At that point, she immediately broke down and confessed that she had lied to the investigators three separate times. Since IG interviewees are all required to take an oath to tell the truth upon penalty of perjury, and investigators record all interviews, an audio recording of these admissions must exist in the IG files. Mind you, Ms. Gyamfi did not say she misunderstood the questions. She did not claim to have forgotten something and later remembered it. Instead, she plainly admitted her deceit and ascribed her motive to attempting to protect the "other people" involved, i.e., the other career staff (mostly attorneys) who also violated their oaths of office and their professional obligations by publicizing confidential legal opinions and analyses.

After the admission, Ms. Gyamfi returned to the Voting Section distraught, crying and sobbing. She was consoled by another career employee to whom she confessed what had happened. This was witnessed and heard by other Voting Section staff, and the story of what occurred during the IG interview was soon known all over the Section.

Amazingly, despite Ms. Gyamfi’s admission of committing perjury not once, but three times, she so far has been neither terminated nor disciplined by the Justice Department. In fact, her boss, Voting Section Chief Chris Herren, continues to assign her to the most politically sensitive of matters, including the Department’s review of Texas’s congressional redistricting plan.

More disturbing, according to my sources, is that Ms. Gyamfi is now being treated as a hero by some of her Voting Section colleagues. Many of them are gratified at her efforts -- illegitimate or not -- to make the Bush administration look bad in its preclearance of Texas’s earlier redistricting submission.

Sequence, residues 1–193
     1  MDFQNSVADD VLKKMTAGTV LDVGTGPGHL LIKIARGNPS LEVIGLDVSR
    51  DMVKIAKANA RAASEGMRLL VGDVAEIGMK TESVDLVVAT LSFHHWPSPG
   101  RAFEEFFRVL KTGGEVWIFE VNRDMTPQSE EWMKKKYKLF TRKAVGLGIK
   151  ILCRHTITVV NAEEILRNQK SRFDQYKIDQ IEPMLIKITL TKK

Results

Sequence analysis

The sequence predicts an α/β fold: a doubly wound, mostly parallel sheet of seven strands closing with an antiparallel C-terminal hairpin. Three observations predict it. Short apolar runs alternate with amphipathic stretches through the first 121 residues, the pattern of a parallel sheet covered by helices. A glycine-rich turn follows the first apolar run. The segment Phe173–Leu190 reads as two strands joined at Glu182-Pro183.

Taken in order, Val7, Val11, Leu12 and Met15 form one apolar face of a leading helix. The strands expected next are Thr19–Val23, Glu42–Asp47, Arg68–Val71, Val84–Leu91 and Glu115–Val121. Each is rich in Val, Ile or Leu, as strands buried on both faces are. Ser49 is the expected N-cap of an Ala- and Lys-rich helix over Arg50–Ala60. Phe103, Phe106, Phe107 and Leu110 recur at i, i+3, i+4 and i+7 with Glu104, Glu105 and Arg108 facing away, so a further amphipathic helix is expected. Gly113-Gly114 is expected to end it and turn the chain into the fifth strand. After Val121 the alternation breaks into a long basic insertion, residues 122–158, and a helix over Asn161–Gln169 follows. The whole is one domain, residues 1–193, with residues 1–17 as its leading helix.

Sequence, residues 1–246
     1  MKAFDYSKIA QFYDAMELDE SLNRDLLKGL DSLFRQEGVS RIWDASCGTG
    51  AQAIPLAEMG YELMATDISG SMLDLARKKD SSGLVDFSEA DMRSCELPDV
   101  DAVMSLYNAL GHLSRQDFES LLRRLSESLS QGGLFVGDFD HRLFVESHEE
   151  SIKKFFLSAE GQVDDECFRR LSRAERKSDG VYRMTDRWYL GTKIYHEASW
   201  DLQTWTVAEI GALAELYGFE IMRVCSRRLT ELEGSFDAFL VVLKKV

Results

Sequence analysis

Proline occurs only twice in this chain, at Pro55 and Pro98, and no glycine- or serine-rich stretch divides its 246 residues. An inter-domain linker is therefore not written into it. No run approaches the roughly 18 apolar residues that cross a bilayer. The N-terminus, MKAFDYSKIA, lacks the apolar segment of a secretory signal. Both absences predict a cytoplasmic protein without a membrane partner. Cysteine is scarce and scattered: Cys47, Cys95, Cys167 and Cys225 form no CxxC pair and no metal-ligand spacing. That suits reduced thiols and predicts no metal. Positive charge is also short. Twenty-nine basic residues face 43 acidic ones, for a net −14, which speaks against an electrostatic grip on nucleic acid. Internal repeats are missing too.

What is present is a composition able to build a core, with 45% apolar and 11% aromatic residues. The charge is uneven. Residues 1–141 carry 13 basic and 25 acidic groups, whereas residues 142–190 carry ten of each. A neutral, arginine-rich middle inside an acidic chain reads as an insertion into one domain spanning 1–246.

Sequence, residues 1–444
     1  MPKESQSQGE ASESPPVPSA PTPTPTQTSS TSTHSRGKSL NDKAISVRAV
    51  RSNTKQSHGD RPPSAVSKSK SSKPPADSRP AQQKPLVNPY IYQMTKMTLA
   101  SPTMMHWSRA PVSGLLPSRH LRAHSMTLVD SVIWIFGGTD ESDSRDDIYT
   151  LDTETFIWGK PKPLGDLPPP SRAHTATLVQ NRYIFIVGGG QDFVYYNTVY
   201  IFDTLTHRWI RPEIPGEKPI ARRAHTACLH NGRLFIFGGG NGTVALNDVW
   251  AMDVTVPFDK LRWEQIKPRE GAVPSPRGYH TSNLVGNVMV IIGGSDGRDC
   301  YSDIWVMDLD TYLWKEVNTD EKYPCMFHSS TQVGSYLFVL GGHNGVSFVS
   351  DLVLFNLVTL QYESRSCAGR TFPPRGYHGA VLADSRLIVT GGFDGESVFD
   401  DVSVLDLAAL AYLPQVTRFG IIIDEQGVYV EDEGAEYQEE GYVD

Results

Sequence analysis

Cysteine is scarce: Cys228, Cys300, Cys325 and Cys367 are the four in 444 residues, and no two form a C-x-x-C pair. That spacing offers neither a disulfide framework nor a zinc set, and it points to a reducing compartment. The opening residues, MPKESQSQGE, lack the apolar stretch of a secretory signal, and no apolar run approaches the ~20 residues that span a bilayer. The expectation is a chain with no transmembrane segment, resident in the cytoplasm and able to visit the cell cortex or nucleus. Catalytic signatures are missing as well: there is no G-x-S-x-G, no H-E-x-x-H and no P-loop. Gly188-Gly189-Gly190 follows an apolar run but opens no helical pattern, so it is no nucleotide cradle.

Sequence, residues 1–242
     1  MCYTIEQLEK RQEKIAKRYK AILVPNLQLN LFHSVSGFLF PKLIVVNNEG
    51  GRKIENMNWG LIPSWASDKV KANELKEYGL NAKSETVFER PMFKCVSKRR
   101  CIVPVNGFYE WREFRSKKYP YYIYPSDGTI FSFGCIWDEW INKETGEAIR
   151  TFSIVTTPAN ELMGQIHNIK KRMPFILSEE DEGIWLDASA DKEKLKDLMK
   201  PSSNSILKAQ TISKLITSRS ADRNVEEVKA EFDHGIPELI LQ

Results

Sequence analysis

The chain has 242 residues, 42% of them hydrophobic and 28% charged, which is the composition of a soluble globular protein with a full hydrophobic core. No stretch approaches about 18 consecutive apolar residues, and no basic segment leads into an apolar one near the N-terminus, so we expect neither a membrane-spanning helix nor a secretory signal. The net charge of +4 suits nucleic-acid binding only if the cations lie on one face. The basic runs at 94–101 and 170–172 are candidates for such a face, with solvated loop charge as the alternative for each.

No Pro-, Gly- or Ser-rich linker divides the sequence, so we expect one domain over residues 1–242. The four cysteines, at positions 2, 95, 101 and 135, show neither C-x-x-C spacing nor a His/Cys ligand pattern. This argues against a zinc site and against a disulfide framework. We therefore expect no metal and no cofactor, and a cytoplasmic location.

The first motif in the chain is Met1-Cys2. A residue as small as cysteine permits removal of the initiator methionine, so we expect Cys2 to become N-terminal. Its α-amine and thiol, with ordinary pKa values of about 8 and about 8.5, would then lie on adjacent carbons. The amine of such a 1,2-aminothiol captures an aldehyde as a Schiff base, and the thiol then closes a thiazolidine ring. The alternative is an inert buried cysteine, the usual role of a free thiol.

If true, this is perjury, or obstruction of justice at a minimum. Which, given Attorney General Holder's "misleading" and "inaccurate" statements about Operation Fast & Furious -- why hasn't he resigned? -- probably will fly under the radar. Meanwhile, Ms. Gyamfi still draws a tax-funded paycheck.

So much for the rule of law. Somehow, I doubt Oliver Stone will be making a movie about this leak.

(via reader Warren)

5 comments:

Bob in LA said...

Once again demonstrating that the standards are impossibly high for republicans and ridiculously low for liberals. It is the same in the media and in DC.

Anonymous said...

Roy added: Are there no folks of different persuasion than Oliver Stone having parallel skills? For that matter, what if some enterprising lawyer types decided there existed a chance to make a lot of money suing individuals involved in the obstruction? What if conservative or libertarian types did what we've seen statist types do? What if Ms. Gyamfi had serious reason for tears?

OBloodyHell said...

>>> the standards are impossibly high for republicans and ridiculously low for liberals.

I might be incorrect, but don't you have to have standards for liberals before you can set them low?

Is there anything a rational person qualifies as "improper behavior" which the Demtards won't excuse with a wave of the hand, as long as it's one of their own?

Not child rape.

Not jury tampering.

Not political corruption or bribe-taking.

Not voting fraud.

Not base intimidation and thuggery

So what, really, IS "too raw" for a Democrat to do, that would get the individual that committed it "thrown under the bus"??

James said...

THank's a lot!!
I have more about injustice and corruption on:essay on Injustice

A_Nonny_Mouse said...

OBloodyHell said...
"... Is there anything a rational person qualifies as "improper behavior" which the Demtards won't excuse with a wave of the hand, as long as it's one of their own? "
= = = = =

The thing about the Dems (and the Left & Progressives -but I repeat myself) is:

What drives opprobrium in our Brave New World isn't "the thing that is done"; it's "the affiliation of the doer".

IF the doer has any ties to your political opponents, THEN you "Pick the target, freeze it, personalize it, polarize it".

Otherwise, the misdeed is dismissed with perhaps some reference to "unfortunate personal choices".